Records Retention Schedule

Do you know how long you should keep contribution records? How about past employee records?

Church Accounting Package

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  • Fund Accounting Examples and Explanations
  • Setting up a fund accounting system
  • Donation management
  • Minister compensation and taxes
  • Internal controls and staff reimbursements
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The following is partial lists of recommended records retention schedules.

Many churches and nonprofits organizations will keep many of these documents and records electronically.

The following time periods applies to both physical and electronic documents.

Permanent Records Retention Schedule:

records retention schedules

These are records vital to your organization. Copies or originals of some of these records (articles of incorporation, bylaws, etc.) should be stored offsite of your church or nonprofit organization perhaps in a secure location such as a local bank.

  • Corporate records and documents such as articles of incorporation, bylaws, annual corporate reports, corporate seals, minute books, signed minutes of the Board and all committees
  • Licenses and permits
  • Property records and documents such as property deeds, assessments, and rights of way
  • Property Insurance policies
  • Audit reports
  • Financial Statements
  • General Ledgers
  • Contribution records
  • Documents evidencing terms, conditions, or restrictions on gifts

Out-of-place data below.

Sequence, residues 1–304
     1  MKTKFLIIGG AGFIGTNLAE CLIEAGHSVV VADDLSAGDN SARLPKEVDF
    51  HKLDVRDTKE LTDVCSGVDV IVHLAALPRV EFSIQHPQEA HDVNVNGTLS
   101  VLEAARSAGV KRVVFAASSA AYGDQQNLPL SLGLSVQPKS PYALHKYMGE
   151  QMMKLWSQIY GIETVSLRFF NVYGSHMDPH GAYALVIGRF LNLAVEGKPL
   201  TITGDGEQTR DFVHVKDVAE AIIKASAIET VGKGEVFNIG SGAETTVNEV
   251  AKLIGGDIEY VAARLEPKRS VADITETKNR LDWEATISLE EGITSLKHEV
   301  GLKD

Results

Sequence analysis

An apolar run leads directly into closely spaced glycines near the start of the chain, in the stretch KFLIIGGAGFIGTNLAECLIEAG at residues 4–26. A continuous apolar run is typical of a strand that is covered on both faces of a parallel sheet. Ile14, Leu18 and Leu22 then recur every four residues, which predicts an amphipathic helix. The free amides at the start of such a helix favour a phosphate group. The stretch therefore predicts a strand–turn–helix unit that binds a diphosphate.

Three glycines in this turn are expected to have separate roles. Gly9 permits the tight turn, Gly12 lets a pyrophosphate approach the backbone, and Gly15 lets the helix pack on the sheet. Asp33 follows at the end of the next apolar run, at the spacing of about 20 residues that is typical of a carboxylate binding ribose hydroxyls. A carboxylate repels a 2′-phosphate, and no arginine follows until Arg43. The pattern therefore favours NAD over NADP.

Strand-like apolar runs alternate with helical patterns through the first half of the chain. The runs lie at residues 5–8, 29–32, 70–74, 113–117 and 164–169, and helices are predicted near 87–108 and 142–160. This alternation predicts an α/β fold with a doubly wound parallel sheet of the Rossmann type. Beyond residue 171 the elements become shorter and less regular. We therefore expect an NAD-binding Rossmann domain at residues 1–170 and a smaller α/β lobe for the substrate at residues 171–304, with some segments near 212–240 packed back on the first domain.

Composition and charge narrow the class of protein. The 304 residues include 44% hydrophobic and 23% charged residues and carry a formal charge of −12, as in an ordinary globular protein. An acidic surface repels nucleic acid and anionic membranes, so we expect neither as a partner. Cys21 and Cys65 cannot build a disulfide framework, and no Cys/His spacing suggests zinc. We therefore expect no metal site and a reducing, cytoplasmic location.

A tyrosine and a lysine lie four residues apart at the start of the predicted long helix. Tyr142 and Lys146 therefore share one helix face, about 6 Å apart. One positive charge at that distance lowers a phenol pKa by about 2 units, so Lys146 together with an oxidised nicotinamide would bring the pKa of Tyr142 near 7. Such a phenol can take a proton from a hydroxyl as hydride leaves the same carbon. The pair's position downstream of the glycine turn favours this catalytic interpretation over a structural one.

• Tax-exemption documents and related correspondence
  • IRS rulings
  • Tax returns-income, franchise, property
  • Annual Information returns-federal and state
  • IRS or other government audit records

Notice: Retention period for sales taxes and property taxes are determined by state law. A local CPA or attorney should be consulted.

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Receipts and supporting documents are very important to keep on file. See this article on:

8 Tips to Keep Track of Receipts

Temporary Records Retention Schedule:

The retention period for the following documents and records is 7 years unless otherwise stated.

  • Accounts payable and accounts receivable ledgers and schedules
  • Bank statements and canceled checks
  • Notes receivable ledgers and schedules
  • Employee expense reports
  • Investment records (7 years after sale of investment)
  • Annual audit records, including workpapers and other documents that related to the audit (7 years after the completion of the audit)
  • Contracts and related correspondence (7 years after expiration or termination; however, some states may require longer retention period for specific types of contracts: Consult a local attorney.)
  • Excise tax records
  • Tax bills, receipts, statements
  • Tax workpaper packages-originals
  • Sales/use tax records
  • Payroll tax records
  • Payroll registers
  • Personnel records such as commissions, bonuses, incentives, and awards
  • Payroll documents such as: payroll deductions; W-2 and W-4; and garnishments, assignments, attachments. (Termination plus 7 years)
  • Time cards/sheets – (2 years)
  • Employee personnel records-(6 years after separation)

Notice: Retention period for employment and employment tax-related documents may vary for different states. A local CPA or attorney should be consulted.

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